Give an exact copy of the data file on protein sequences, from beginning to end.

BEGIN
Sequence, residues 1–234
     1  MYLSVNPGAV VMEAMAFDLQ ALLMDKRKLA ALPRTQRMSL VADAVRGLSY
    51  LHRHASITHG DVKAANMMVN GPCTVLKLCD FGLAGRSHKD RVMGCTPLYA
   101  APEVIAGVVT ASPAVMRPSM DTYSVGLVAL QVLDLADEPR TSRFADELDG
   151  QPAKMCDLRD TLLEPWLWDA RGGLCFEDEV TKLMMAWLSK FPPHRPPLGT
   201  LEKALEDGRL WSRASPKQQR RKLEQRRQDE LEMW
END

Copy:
Sequence, residues 1–234
     1  MYLSVNPGAV VMEAMAFDLQ ALLMDKRKLA ALPRTQRMSL VADAVRGLSY
    51  LHRHASITHG DVKAANMMVN GPCTVLKLCD FGLAGRSHKD RVMGCTPLYA
   101  APEVIAGVVT ASPAVMRPSM DTYSVGLVAL QVLDLADEPR TSRFADELDG
   151  QPAKMCDLRD TLLEPWLWDA RGGLCFEDEV TKLMMAWLSK FPPHRPPLGT
   201  LEKALEDGRL WSRASPKQQR RKLEQRRQDE LEMW